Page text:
First Reviews of Barnes & Noble's 'Nook'

Tech bloggers evaluate Barnes & Nobles first foray into the increasingly crowded e-reader market

This article is from the archive of our partner .

Late Tuesday afternoon, Barnes & Noble Booksellers finally unveiled "The Nook," the company's first e-reader. Set to hit Barnes & Noble retailers in November, the dual-screen device runs Google's Android OS. Scrutinizing the Nook's technical specs, bloggers speculated about the device's chances against the clear market leader, the Kindle, and the legion of imitators coming to stores in time for the holidays.

  • 'Looks Like a Kindle-Killer' The Atlantic's own Derek Thompson is already enamored with the new gadget, especially its sharing feature, which allows customers to "loan" their e-books out to friends on various devices from computes to mobile phones. As Thompson notes, "This is obviously great for consumers… Maybe Barnes & Noble's calculus is that the ability to share will encourage more people to buy books because it increases the books' utility. For example, I'm somewhat interested in buying sports writer Bill Simmons' 'The Book of Basketball,' but I might be more interested if I knew that I could lend the book to all my friends who read Simmons on ESPN every week so that we could talk about it later."
  • Gives Kindle-Owners 'Buyer's Remorse' Along the same lines, Wired's Charlie Sorrel begins his preview of the Nook with a bold warning to Kindle readers to "stop reading now" to avoid regretting their purchase. He says the products share the same physical look, but the Nook's specs combined with Barnes & Nobles enormous library of discounted e-books gives it the edge: "Who would buy a walled-garden machine like the Kindle when the Nook has the same titles, cheaper, and you can borrow? The Nook is already starting to look like the real internet to the Kindle’s AOL."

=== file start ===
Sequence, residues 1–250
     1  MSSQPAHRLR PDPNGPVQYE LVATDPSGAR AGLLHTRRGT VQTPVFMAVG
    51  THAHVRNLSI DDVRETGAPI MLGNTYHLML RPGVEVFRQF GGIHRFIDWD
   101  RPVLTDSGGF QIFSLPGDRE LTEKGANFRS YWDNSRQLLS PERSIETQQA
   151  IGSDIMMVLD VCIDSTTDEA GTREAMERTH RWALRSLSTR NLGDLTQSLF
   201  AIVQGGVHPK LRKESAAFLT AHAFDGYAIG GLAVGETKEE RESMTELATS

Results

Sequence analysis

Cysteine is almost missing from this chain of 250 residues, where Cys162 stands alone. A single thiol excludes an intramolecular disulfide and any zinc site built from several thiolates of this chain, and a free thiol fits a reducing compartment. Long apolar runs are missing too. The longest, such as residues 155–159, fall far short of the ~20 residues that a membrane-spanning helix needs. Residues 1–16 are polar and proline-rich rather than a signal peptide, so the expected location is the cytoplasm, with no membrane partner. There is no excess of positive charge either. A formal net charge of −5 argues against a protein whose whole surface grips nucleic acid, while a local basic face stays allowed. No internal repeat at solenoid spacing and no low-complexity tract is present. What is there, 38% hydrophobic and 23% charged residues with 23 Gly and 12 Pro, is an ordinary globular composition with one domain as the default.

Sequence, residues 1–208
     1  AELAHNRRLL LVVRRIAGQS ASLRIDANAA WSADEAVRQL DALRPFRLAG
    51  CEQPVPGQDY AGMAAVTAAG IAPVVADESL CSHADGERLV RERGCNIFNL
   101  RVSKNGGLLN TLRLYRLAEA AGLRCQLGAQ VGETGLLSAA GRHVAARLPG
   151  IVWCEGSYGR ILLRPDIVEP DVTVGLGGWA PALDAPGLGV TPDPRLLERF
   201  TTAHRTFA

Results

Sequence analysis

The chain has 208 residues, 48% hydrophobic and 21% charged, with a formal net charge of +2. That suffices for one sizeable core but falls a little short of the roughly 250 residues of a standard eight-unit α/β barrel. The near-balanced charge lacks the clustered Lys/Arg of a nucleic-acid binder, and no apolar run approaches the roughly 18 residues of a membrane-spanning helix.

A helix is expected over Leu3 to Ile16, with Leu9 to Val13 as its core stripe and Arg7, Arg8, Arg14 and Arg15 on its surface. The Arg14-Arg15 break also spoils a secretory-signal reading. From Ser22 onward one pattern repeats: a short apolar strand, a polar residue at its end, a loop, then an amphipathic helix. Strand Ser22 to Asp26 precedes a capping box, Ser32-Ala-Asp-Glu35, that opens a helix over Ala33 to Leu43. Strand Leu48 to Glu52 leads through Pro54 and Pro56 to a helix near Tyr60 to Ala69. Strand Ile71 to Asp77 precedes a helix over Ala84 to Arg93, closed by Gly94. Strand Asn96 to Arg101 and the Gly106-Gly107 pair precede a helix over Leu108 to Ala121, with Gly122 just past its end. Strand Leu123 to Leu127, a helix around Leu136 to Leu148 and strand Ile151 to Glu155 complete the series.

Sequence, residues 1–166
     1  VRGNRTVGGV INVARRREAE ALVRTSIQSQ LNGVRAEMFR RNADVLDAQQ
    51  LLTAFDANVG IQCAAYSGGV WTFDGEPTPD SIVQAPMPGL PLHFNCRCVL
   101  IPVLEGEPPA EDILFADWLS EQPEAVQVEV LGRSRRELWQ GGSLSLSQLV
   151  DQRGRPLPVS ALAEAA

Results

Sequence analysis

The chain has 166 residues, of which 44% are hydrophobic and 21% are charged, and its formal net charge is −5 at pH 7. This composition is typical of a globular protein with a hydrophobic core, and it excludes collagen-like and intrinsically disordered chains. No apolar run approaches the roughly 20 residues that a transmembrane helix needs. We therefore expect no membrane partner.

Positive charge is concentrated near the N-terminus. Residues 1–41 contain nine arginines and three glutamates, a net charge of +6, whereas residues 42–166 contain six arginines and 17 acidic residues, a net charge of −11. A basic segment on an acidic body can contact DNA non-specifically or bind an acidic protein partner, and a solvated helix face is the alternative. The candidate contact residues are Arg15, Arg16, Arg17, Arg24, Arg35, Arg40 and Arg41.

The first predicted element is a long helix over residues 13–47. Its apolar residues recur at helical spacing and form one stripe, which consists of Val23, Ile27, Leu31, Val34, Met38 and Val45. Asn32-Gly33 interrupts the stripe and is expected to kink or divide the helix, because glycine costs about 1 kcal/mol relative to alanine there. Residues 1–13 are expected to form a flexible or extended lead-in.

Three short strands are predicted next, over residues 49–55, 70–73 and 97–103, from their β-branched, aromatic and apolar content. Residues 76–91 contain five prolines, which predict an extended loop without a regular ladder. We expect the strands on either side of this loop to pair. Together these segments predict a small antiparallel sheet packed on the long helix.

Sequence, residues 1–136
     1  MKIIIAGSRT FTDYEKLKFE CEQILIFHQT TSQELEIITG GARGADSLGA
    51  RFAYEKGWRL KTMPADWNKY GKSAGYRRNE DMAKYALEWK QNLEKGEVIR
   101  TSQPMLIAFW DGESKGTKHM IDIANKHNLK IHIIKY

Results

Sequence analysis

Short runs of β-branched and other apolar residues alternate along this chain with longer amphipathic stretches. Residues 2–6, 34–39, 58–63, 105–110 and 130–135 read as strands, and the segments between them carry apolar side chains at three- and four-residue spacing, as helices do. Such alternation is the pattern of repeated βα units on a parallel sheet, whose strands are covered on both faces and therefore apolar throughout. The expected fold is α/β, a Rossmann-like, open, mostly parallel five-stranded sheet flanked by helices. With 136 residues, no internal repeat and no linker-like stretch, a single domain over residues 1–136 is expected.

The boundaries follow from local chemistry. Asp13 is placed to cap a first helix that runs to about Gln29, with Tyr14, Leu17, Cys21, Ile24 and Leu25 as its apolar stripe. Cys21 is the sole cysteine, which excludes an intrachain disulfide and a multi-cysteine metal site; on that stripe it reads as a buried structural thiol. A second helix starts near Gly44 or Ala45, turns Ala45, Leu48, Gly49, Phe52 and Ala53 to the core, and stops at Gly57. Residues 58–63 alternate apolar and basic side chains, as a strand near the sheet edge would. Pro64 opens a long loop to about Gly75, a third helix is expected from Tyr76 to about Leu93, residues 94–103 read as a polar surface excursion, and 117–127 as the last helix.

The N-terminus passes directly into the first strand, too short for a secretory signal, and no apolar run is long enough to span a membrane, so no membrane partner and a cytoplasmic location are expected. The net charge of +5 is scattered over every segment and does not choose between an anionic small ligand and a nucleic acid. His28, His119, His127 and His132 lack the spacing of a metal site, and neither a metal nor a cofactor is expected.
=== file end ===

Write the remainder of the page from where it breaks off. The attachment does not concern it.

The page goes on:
• Destined for the Dustbin At the Business Insider, CEO Amol Sarva doubts the Nook's ability to make up for ground already claimed by the Kindle. He also thinks that with all the bells & whistles, Barnes & Noble is losing money on every Nook sold for $259. Finally, he's not so sure offering the device in bookstores is even the way to go: "You know who the #1 online electronics/gadgets retailer is? Not Barnes & Noble. And Best Buy appears to be giving room to Sony (Mr. #2) this fall. So where is B&N's gadget going to be? Book stores? Perhaps this sounds logical to you, but we did a little research at Peek on who buys what. And 'the literate' is not the target market for e-book readers."
  • Remember the iRiver? Peter Kafka of D: All Things Digital is similarly unswayed by the device, saying that it looks "very similar to Amazon's Kindle" from afar. He invites readers to think back on the early market for MP3 players, when the iPod's success was anything but assured. Of course, we all know how that turned out: "Recall that in the early days years of iPod, plenty of competitors offered competitively priced gadgets with features that Apple’s (AAPL) didn’t have, and today you haven’t heard of them. My hunch is that we might see a similar dynamic play out with readers."
  • Who Wants an E-Reader Anyway? Business Week writer Hardy Green is lukewarm on the Nook's chances for success. Conceding that the Kindle has been a bare-bones product, he still doesn't see Barnes & Noble having a breakout hit: "The nook still may not be the game-changer that e-book advocates hope will attract legions of new readers, but it has its attractions." He also voices the broader undercurrent of skepticism toward the e-reader market in general: "Many say that all of these devices will find their way to the back of the hall closet within a couple of years."
This article is from the archive of our partner The Wire.